Last year, a community led project was conducted in Kilallan Kirk, Renfrewshire, by GUARD Archaeology on behalf of Kilallan Kirk Preservation Trust.
A desk-based assessment carried out in 2011 by Bob Will of GUARD Archaeology found that Kilallan parish church, which was dedicated to St Fillan, was one of the parish churches given to the monastery of Paisley on its foundation about AD 1169 by Walter the High Stewart. A thirteenth century charter states that Paisley Abbey had been assigned the revenue from Kilallan church as well as that from a number of other parish churches in the surrounding area and beyond including Houston, Kilmacolm and Kilbarchan. The system of parishes and parish churches that survives in use today was established between the 11th-13th centuries and Kilallan was one of the earliest of these parishes.
It was last used as a parish church in 1771, the parish having been united with Houston in 1760. After this the church like many others at the time remained in use for burials in this instance the family of the Flemings of Barochan and the earliest surviving grave stone in the Barochan Aisle is for Malcolm Fleming in 1819. The use of the church by the Flemings may have been a continuation of an existing tradition of patronage going back to the medieval period. Certainly there are historical references to the Flemings of Barochan as witnesses to charters in the reign of Alexander III (1249-86) and were active in the affairs of state throughout the medieval period.
A churchyard survey was carried out in 2007 and identified 57 graves within the church and churchyard dating from the seventeenth and eighteenth centuries. A probable 13th century tombstone was uncovered during work in the churchyard in 1962. The stone is located to the west of the churchyard to the south of the doorway into the church.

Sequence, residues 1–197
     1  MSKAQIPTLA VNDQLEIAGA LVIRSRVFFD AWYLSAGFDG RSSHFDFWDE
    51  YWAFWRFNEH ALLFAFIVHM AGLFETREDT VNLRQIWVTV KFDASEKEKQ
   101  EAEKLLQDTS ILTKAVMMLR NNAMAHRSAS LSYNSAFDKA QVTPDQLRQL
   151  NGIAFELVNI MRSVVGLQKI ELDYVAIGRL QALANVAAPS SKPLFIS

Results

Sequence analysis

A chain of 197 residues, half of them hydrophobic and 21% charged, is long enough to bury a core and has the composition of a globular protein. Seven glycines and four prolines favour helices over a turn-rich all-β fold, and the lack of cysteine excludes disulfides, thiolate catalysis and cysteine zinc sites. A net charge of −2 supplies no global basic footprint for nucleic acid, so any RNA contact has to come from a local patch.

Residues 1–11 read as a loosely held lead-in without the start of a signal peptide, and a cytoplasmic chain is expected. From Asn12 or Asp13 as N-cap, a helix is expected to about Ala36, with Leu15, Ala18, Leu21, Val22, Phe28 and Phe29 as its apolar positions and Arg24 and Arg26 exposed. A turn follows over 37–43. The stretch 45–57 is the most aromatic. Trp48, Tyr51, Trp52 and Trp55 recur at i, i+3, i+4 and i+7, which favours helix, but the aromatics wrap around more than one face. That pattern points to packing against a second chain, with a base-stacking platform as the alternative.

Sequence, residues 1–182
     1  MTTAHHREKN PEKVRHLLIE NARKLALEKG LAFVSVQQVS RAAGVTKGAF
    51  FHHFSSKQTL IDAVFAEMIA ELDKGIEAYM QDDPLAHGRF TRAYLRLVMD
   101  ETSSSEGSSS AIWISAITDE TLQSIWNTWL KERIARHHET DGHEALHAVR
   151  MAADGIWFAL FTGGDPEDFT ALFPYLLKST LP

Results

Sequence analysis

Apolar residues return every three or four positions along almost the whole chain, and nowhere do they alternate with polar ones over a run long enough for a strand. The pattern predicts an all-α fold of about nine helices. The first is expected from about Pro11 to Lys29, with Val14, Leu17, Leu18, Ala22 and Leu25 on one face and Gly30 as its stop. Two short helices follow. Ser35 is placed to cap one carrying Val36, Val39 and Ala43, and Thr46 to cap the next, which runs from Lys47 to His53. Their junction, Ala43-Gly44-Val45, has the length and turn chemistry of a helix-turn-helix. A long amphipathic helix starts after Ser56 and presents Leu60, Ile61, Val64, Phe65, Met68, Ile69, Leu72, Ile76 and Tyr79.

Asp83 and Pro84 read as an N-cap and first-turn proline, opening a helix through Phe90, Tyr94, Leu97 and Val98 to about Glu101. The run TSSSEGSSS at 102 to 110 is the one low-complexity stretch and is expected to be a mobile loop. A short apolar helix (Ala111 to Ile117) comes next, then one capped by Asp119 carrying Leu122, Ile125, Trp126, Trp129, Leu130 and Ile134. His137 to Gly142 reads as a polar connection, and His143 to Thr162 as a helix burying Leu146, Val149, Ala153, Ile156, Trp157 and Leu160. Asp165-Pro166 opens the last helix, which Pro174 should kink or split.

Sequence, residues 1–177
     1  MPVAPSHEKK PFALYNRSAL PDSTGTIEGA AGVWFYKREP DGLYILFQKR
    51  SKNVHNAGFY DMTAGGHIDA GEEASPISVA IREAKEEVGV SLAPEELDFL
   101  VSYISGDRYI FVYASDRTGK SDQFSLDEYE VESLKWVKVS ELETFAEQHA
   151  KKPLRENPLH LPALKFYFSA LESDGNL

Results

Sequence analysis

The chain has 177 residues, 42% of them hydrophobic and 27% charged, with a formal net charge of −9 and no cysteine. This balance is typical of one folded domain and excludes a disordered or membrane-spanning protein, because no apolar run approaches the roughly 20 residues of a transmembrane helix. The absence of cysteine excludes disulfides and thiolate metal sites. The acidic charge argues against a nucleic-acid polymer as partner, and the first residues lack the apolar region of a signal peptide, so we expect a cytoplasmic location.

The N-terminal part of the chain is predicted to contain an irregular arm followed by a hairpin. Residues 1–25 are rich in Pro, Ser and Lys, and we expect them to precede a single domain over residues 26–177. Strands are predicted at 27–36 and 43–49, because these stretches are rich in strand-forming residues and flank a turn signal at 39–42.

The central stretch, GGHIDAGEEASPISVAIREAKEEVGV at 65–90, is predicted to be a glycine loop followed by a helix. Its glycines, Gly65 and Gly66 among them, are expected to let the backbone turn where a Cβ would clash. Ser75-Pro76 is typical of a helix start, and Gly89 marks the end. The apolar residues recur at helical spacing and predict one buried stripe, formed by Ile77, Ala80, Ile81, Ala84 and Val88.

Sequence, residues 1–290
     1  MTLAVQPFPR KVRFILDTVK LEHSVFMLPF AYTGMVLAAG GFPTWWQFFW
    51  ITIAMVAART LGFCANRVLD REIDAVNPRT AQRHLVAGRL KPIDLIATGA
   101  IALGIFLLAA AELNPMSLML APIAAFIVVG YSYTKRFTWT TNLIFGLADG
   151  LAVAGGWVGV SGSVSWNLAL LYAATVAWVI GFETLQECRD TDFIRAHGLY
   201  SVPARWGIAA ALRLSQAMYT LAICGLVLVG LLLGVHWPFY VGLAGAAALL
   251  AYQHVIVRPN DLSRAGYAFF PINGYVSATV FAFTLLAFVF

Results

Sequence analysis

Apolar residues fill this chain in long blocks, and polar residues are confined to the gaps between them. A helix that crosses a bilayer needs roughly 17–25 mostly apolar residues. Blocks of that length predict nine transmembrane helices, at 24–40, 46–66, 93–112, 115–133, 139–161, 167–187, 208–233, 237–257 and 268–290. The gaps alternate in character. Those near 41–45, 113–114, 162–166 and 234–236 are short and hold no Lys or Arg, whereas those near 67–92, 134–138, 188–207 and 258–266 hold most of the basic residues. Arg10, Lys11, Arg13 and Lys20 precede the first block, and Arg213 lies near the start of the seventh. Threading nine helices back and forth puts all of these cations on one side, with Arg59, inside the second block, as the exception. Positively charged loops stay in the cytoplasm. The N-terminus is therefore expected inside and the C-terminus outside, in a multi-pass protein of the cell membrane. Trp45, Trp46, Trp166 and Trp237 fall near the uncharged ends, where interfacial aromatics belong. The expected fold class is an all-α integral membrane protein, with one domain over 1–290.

The new geophysical survey and grave recording survey was carried out by GUARD Archaeology Project Officers Christine Rennie, Iraia Arabaolaza and Fiona Jackson with the help of local volunteers. An additional training day was also held at the Glasgow office of GUARD Archaeology to explain the processing of the geophysical data gathered in the field and how to use GIS.
Even though the information gathered from the graves was limited due to their condition, two additional possible grave footings and a grave monument were identified during the course of the new fieldwork.
The geophysical surveys at Kilallan Kirk have proved that some structural elements of an earlier kirkyard survive as sub-surface remains. Two circular or sub-circular walls/infilled ditches (Anomalies A, B and C) were successfully recorded, and may represent two earlier phases of use on the site. Without intrusive investigation, it is not possible to state which of these two features is the earlier. The survey also identified three possible areas where unrecorded burials are located. One of these (Anomaly D) appears to be a single plot, and the remaining two (Anomalies E and F) may contain multiple burials.